The Alabama House has spoken: fantasy sports is a battle of wits and smarts.
Birmingham Business Journal reported that the Alabama House of Representatives has approved a bill that will legalize and regulate fantasy sports betting in the state in a close vote.
Voting 43-38, the House declared that fantasy sports is not dolled-up digital gambling that deserves to be banned. Instead, they recognized that fantasy sport is a game of skills deserved to be played in the state. With the House approval, the bill now moves on to the Senate.
There are at least three bills that have been introduced in Alabama including HB354 aka the Fantasy Sports Act.
The proposed legislation, which was sponsored by Rep. Alan Boothe, would require a fantasy sports operator with more than 5,000 active player accounts to pay an initial registration fee of $85,000, while an operator with fewer than 5,000 active participants would pay an initial $10,000.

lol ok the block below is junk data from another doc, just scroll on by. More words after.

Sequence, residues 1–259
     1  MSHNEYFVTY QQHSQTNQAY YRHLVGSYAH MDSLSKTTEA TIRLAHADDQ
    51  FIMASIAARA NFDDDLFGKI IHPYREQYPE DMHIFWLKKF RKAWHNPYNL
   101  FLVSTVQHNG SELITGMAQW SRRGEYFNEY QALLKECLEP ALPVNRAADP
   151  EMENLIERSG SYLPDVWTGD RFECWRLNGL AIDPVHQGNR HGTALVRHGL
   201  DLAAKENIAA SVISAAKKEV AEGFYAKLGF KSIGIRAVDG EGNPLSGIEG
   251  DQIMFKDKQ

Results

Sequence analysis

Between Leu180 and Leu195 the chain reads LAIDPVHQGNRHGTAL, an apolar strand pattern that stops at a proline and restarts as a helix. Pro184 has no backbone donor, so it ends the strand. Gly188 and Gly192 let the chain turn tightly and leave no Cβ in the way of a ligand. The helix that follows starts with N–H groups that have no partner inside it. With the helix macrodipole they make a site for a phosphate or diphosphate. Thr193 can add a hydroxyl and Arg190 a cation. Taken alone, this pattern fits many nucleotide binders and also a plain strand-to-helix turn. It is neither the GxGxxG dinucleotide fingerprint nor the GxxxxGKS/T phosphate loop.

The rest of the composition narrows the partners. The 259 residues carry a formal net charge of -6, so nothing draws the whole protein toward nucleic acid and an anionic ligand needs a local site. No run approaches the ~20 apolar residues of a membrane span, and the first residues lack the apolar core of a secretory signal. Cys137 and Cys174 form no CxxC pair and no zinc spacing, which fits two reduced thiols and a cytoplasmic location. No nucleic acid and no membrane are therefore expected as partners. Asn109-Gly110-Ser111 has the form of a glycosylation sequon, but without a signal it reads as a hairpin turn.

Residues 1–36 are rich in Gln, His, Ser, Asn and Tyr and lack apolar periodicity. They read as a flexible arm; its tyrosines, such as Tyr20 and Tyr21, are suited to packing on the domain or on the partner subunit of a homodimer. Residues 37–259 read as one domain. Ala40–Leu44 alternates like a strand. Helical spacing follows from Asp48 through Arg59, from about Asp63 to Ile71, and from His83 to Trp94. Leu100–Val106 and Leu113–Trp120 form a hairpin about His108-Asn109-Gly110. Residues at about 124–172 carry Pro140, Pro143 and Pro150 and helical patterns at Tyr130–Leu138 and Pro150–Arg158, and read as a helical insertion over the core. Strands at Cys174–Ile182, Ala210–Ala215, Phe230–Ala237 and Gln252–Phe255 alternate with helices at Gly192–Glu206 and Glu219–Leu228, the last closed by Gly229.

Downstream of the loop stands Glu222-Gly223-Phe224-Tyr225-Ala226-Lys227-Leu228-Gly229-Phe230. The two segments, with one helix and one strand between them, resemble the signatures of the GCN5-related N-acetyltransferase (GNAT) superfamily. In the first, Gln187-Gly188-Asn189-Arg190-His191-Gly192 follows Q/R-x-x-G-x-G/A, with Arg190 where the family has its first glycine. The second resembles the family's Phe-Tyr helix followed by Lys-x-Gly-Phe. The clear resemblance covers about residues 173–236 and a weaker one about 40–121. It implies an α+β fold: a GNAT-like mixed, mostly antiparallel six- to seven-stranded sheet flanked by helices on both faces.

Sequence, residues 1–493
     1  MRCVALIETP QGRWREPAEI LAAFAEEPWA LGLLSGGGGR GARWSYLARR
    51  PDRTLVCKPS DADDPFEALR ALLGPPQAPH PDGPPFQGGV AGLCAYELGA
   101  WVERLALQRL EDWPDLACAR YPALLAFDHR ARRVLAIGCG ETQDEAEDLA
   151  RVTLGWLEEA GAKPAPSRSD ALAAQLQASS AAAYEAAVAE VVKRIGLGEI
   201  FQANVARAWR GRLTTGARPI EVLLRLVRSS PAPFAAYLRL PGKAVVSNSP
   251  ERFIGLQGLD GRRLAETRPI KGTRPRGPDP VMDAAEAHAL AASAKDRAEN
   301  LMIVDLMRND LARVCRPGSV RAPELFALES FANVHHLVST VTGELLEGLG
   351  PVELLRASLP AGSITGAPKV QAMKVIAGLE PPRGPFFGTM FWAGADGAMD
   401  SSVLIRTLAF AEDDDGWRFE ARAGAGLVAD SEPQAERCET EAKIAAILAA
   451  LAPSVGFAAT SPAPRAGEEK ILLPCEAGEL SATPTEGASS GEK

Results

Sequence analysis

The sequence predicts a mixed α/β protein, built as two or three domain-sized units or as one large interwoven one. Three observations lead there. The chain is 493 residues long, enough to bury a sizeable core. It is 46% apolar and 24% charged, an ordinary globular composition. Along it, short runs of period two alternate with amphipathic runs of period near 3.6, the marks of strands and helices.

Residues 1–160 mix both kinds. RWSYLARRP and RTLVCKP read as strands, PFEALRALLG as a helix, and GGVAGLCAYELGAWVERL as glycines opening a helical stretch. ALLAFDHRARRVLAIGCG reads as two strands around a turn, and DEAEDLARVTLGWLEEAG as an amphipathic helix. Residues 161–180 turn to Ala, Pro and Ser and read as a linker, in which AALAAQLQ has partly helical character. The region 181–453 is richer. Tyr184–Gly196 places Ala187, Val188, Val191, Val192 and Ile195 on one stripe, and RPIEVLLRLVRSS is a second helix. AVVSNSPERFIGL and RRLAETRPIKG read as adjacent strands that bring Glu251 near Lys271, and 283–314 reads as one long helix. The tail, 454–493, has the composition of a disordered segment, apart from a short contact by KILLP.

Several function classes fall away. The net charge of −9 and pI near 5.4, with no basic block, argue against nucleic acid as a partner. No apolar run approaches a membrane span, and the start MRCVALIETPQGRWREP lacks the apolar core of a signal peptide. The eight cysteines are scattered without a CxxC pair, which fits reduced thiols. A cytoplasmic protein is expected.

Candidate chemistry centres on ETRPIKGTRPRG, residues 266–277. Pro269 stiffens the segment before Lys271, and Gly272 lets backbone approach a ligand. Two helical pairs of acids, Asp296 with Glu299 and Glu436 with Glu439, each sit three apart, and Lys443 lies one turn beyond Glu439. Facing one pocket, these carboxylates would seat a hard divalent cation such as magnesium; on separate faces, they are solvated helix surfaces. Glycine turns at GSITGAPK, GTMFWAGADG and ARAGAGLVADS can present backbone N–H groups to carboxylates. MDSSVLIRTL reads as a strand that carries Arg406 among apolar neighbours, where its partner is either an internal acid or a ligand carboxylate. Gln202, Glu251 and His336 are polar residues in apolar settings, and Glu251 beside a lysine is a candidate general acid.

A fantasy contest that has not previously operated in Alabama would pay a $5,000 fee.
The measure also said that the taxes to be imposed on fantasy sports operators’ gross revenues is similar to that in Tennessee and the one that has been proposed in Georgia.
House members are reportedly eyeing to impose at least 6 percent tax on fantasy sports revenues for the preceding 12 months. They project that an additional $216,000 will flow through the state’s General Fund if fantasy sports is legalized in the state.
However, it took the members of the House nearly two hours to narrowly pass the bill. According to the report, legislators debated one whether daily fantasy games were primarily skill- or luck-based.
There are at least 11 US states that have legalized DFS at present: Colorado, Indiana, Kansas, Maryland, Massachusetts, Mississippi, Missouri, New York, Tennessee, Virginia, and, most recently, Arkansas.
But as the legal battle for the legalization of DFS across the United States wages on, the Fantasy Sports Trade Association lamented that more than two-thirds of fantasy sports firms have closed, merged or changed focus.